Notice that their progression begins with ungodliness and unrighteousness. These two characteristics describe the natural bent of humanity. The first term, ungodliness, refers to a lack of respect or irreverence. It is a failure to render honor. It is the negation of a bent toward the goodness that characterizes God. The second term suggests unfaithfulness or disloyalty and not imperfection. It could also describe faithlessness that exhibits wrongdoing, injustice, and wickedness. Unrighteousness is a force for all other evils, especially those that Paul sums up at the conclusion of the chapter (1:29-31).

In listing the irrational and hostile traits at the conclusion of chapter one, Paul illustrates an undeniable truth. Those who exhibit ungodliness and unrighteousness toward God conduct themselves in like manner toward their fellow humans. If they demonstrate unrighteousness toward God, they will do so toward others. If they display acts counter to the sexual design for which God created them, they will perpetrate sexual immorality as described in the Bible toward others (1:29). If they are haters of God (1:30), they will be malicious, envious, deceptive, evil-minded, violent, undiscerning, untrustworthy, unloving, and unmerciful toward others (1:29-31). Dishonor and irreverence only perpetuates the results of these characteristics toward others. The empirical evidence is obvious worldwide where we witness conflicts and wars over the material goods of the world and the desire to deprive others not only of their property but also of their lives either on an individual level or on the level of a society or nation.

Faith in God cannot stand when such turmoil and maliciousness exist. They exist or have existed within each person on the earth and in every person who has ever lived who never turned to God. For faith to exist and thrive, all individuals must recognize, admit to, and turn away from ungodliness and unrighteousness. The Bible calls this repentance. Repentance and faith must come together, and they do so only through God’s activity within the individual in turning a person from his or her own self-oriented condition toward Jesus Christ to recognize Him as the Redeemer of one’s soul.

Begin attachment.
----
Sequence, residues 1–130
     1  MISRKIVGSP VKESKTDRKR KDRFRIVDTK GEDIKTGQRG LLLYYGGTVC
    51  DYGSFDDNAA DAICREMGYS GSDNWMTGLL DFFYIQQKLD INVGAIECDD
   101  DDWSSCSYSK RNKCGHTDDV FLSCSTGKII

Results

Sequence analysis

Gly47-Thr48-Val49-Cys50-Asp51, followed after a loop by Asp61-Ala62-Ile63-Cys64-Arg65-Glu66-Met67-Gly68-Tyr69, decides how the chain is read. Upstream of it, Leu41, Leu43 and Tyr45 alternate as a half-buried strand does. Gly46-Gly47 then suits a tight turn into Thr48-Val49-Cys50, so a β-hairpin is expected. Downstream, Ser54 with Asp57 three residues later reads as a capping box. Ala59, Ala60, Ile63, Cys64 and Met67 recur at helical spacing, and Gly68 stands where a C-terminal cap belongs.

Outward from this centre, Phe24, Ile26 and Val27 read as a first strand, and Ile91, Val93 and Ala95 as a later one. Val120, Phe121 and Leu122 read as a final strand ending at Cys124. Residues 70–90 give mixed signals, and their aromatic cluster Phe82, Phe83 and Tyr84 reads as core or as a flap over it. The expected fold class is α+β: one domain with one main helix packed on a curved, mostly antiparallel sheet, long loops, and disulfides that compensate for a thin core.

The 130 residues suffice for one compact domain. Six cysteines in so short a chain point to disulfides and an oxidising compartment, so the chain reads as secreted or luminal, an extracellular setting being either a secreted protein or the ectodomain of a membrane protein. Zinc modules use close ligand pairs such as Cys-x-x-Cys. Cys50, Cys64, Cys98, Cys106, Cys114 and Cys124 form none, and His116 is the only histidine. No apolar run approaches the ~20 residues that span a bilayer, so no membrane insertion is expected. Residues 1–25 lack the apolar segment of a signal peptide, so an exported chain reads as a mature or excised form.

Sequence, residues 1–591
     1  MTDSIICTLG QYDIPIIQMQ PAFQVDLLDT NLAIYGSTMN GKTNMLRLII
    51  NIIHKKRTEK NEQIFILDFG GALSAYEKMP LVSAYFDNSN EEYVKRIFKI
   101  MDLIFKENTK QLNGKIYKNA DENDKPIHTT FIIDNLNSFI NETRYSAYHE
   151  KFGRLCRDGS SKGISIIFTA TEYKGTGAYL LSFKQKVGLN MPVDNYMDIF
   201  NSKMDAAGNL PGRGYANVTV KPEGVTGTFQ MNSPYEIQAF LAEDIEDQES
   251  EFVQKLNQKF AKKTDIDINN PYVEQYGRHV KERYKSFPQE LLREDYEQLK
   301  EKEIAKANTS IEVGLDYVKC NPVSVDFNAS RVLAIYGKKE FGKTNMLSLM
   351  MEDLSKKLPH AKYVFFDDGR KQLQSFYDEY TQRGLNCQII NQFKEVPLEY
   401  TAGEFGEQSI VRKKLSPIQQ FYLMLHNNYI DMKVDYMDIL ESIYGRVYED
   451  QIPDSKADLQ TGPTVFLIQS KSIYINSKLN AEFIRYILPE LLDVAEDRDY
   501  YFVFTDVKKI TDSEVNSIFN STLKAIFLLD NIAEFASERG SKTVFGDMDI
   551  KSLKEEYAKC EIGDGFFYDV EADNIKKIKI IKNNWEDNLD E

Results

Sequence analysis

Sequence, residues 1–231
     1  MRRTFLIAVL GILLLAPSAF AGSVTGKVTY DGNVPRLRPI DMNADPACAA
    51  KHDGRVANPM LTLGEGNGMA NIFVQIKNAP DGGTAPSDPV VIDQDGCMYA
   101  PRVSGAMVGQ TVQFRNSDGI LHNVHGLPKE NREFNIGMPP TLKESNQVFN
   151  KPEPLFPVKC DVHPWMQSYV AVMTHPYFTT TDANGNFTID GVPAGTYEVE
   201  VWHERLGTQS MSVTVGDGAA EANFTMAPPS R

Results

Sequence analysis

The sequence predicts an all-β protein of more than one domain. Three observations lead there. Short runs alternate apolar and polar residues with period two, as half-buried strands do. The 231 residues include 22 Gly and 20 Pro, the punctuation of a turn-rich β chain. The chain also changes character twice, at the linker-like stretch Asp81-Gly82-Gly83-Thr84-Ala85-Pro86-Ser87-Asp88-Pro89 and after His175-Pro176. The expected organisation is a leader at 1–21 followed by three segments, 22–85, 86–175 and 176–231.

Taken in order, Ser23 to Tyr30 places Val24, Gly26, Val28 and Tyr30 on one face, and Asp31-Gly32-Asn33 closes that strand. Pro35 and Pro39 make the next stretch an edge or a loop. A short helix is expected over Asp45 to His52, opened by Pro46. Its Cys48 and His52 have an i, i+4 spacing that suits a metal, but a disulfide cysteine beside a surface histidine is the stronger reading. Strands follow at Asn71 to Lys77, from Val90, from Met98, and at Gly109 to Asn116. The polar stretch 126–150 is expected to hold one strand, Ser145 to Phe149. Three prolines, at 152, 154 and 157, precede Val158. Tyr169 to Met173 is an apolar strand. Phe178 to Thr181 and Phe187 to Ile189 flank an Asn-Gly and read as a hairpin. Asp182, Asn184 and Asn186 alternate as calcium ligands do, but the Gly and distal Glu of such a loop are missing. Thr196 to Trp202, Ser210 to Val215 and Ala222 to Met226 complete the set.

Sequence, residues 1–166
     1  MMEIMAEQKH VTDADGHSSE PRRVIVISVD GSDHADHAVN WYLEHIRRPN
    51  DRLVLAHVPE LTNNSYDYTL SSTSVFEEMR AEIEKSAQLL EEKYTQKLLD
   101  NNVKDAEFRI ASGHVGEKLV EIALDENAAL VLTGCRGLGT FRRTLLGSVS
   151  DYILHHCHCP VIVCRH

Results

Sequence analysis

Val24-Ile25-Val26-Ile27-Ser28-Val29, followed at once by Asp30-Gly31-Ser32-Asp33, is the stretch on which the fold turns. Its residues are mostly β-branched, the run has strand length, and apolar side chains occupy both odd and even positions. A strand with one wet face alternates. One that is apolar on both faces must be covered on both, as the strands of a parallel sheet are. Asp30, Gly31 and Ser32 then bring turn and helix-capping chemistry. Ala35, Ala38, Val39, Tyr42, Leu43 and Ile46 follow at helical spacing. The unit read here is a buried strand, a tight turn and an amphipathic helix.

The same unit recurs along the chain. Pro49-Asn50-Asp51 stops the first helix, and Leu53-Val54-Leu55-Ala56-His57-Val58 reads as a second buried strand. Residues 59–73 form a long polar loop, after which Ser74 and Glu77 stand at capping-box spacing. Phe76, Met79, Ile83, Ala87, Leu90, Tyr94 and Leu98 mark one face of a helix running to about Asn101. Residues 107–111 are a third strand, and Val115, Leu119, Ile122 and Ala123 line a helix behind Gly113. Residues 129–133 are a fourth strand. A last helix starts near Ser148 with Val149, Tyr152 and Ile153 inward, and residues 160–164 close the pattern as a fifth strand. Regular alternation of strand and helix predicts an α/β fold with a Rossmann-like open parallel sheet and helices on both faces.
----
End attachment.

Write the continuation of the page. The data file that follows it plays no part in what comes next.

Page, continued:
Copyright (c) 2014 Action Faith  Books Press.  All rights reserved.  Cannot be used or stored in any form without expressed written permission from Action Faith Books Press.

An Invitation to Discuss Published Articles on this Website

As a source of writing and publishing on issues related to biblical faith and its defense, this website is open to all who wish to respond to these issues regardless of their faith or philosophical persuasion.  This means those from any religion or denomination or even atheists may reply to articles.  However, all written responses are moderated.  Such an invitation calls for a dialog of respect.  This means that those who seek to engage in accusations, abuse, name-calling, slander, and related behaviors will not be able to post messages in response to written articles.  People can disagree and support their side without being abusive.